Overnight fee time 21:00 (UTC)
Spread 0.50

ETH/USD

3,047.77 Price
+4.270% 1D Chg, %
Long position overnight fee -0.0616%
Short position overnight fee 0.0137%
Overnight fee time 21:00 (UTC)
Spread 6.00

BTC/USD

64,032.15 Price
+3.380% 1D Chg, %
Long position overnight fee -0.0616%
Short position overnight fee 0.0137%
Overnight fee time 21:00 (UTC)
Spread 106.00

XRP/USD

0.49 Price
+11.590% 1D Chg, %
Long position overnight fee -0.0753%
Short position overnight fee 0.0069%
Overnight fee time 21:00 (UTC)
Spread 0.01168

(Source: Trading View)
(Past performance is not a reliable indicator of future results)

Bank of England: Policy unchanged but a shift in tone

The Bank of England kept interest rates unchanged at 5.25%. The move was expected, with interest rate markets implying practically no chance of a move at this meeting. The BOE adopted a more dovish tone regarding future policy in part driven by inflation data released the day earlier, which fell more than economists had predicted, as well as recessionary economic conditions. The Monetary Policy Committee vote split also reflected the shift in the consensus view amongst BOE members, with the 8-1 vote at the previous meeting adjusting to 2-6-1.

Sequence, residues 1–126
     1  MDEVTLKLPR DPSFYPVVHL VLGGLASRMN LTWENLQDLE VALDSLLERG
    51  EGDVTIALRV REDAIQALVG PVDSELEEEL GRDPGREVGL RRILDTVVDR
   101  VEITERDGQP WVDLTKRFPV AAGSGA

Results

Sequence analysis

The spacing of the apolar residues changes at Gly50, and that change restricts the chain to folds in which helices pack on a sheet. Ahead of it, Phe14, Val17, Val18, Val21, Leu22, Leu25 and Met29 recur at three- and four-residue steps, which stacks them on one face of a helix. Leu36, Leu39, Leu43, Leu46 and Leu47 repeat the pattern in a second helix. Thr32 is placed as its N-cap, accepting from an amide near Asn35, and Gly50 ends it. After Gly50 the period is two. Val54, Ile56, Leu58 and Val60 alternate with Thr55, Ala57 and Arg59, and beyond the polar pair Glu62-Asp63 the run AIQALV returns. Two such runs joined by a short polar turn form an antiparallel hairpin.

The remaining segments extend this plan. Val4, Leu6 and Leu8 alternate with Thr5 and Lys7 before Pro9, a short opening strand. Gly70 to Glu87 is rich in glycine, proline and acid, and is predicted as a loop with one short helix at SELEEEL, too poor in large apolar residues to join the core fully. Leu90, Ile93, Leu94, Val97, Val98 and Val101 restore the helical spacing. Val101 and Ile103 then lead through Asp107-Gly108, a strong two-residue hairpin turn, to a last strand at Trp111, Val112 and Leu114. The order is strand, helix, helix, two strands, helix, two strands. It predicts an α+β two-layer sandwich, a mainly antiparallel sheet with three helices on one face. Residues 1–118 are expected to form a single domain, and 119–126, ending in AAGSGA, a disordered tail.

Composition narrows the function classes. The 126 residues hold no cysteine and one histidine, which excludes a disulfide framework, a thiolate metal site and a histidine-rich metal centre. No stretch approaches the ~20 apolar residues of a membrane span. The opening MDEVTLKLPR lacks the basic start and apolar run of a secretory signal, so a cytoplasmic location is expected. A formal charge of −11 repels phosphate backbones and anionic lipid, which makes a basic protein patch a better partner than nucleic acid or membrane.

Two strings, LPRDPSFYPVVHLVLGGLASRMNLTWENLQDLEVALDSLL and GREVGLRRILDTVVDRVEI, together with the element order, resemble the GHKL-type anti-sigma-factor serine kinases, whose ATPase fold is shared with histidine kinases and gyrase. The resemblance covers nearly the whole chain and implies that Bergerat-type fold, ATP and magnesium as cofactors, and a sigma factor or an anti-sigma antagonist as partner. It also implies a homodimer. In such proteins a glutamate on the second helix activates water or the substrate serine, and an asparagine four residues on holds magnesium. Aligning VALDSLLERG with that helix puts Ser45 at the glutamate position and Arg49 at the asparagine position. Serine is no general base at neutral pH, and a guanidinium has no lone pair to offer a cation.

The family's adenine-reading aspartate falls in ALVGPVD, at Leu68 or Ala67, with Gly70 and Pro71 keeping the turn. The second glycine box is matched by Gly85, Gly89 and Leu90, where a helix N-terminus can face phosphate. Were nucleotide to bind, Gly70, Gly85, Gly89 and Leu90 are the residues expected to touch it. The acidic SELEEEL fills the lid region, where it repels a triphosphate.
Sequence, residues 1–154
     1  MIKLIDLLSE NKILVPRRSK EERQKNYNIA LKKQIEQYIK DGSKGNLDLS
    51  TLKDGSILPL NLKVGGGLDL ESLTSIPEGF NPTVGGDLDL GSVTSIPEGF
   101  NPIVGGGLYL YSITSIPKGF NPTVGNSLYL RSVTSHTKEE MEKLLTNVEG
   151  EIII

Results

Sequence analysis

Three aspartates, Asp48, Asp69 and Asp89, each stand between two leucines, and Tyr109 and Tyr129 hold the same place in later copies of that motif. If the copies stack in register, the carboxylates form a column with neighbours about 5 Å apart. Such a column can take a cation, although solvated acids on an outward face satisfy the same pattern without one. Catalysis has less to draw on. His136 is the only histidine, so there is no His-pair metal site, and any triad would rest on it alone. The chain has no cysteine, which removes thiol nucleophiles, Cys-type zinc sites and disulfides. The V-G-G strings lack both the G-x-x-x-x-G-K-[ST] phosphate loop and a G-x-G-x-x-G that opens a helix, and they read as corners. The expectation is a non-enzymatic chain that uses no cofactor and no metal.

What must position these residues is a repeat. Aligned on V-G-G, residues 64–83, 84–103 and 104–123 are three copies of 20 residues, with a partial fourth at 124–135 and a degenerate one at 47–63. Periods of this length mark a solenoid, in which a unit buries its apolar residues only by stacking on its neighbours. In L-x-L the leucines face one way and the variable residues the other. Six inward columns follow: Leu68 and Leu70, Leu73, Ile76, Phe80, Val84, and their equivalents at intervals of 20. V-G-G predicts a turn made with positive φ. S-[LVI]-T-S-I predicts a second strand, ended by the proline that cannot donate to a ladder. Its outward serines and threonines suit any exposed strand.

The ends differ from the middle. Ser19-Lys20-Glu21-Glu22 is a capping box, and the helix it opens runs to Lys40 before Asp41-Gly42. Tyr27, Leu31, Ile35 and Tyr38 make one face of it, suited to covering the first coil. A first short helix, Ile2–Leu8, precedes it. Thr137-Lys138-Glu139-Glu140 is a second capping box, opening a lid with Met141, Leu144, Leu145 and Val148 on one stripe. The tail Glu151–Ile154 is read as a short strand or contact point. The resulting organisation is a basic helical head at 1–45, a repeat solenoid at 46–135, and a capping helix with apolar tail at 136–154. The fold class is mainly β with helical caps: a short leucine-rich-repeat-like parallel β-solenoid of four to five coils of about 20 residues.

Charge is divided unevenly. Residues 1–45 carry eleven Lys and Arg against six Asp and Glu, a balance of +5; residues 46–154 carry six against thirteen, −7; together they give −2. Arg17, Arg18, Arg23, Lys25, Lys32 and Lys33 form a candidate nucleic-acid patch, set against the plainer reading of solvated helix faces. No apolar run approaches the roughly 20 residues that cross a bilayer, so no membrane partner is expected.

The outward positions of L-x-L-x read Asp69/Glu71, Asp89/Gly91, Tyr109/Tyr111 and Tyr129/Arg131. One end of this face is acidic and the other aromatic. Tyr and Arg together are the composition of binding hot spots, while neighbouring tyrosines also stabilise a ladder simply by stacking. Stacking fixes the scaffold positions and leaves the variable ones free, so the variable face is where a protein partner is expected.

The markets brought forward expectations of when the first rate cut from the Bank of England will arrive and how many times the central bank will cut in 2024. The odds of a June rate reduction rose above 80%, while the markets have fully baked in three cuts for the year. The shift sparked a drop in the GBP/USD, which added support to a rally in the FTSE100.

(Source: Trading View)